Mainland China's poultry may be quarantined at border
Live poultry from the mainland might be kept at a site near the border until they are confirmed to be free of the bird flu virus to avoid cross-infection with local birds, the health minister said.
While all poultry are currently kept at the Cheung Sha Wan wholesale market while they wait for test results, this led to locally bred birds being culled with infected mainland poultry last week, prompting complaints of losses from local breeders and traders.
Two new cases of H7N9 were reported in Guangdong yesterday. One was a 63-year-old man in Shenzhen who died on Saturday; the other, a 37-year-old man in Zhongshan, was in critical condition. More than 270 H7N9 infections have been reported on the mainland since the virus emerged in March last year.
All live poultry trade including imports have been suspended in Hong Kong until February 18 after a poultry sample from Guangdong tested positive for H7N9 last Monday.
Secretary for Food and Health Dr Ko Wing-man said he had been looking at ways to separate mainland and local poultry before tests results were released.
"My preliminary tendency is to look for a place near Man Kam To. Even if a place is found, transportation problems will have to be considered. Facilities such as ventilation will have to be built to reach quarantine standards."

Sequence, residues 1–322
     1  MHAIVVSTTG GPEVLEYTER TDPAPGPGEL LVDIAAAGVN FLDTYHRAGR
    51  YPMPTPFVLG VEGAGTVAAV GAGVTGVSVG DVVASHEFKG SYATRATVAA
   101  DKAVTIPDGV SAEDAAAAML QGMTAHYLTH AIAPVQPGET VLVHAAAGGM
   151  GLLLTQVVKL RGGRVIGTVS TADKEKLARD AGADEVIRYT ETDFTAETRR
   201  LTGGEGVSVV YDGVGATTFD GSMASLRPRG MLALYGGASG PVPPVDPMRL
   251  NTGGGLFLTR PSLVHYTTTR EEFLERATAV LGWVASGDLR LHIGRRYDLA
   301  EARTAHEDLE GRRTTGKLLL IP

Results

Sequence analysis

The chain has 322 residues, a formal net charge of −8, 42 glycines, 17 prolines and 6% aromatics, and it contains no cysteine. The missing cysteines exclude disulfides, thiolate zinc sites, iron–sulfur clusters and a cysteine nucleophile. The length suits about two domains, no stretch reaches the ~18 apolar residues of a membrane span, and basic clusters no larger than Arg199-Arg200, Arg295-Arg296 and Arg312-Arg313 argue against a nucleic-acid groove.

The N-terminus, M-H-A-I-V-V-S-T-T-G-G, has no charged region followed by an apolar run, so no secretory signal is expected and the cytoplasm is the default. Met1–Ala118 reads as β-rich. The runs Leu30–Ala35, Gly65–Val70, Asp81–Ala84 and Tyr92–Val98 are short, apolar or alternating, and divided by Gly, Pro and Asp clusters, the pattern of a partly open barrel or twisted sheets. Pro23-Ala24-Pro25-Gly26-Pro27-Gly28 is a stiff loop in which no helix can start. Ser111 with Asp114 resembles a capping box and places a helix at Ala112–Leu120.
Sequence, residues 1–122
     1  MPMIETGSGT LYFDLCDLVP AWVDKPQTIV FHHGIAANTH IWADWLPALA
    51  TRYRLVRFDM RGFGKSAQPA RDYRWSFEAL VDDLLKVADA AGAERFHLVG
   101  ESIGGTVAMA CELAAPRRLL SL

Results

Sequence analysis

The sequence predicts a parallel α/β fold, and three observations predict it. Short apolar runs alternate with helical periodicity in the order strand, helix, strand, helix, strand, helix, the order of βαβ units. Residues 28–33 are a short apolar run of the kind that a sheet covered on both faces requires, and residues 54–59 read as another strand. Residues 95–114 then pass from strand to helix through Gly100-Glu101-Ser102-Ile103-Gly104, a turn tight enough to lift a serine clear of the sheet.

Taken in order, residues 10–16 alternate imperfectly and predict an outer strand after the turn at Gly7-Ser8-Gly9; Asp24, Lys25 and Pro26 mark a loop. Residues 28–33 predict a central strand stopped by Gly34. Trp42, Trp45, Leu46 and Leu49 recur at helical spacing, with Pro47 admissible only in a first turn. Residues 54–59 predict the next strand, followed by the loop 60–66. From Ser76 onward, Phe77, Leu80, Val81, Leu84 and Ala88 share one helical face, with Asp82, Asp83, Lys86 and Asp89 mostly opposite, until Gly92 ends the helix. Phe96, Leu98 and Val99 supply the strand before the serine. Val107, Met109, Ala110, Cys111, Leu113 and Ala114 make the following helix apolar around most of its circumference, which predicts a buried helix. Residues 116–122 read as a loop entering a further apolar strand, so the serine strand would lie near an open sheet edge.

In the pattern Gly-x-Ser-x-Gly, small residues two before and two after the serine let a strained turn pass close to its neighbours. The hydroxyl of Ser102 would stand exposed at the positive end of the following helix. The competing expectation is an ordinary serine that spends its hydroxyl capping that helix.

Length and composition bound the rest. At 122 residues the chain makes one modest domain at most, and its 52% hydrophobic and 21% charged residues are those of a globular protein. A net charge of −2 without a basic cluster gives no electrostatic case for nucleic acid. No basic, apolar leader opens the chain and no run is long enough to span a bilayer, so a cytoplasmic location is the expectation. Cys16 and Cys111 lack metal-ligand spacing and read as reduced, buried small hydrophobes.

Ko said it would take some time to decide on a suitable location. However, local poultry breeders and traders are expecting the government to give them a definite reply on Wednesday, when they are scheduled to meet. Otherwise they would consider filing for a judicial review on the government's poultry culling.
"We are not satisfied [with what Ko said]. In the past, they have said they were finding a place to separate the chickens and they still haven't yet found one," chicken breeder and trader Regal Cheng Chin-keung said.
He is also pressing the government to let local breeders sell their poultry before the end of the trade suspension. The birds are accumulating on farms in the New Territories and breeders are worried about an increased risk of infection.
Cheng said he had sought advice from lawyers and they were positive on the review case.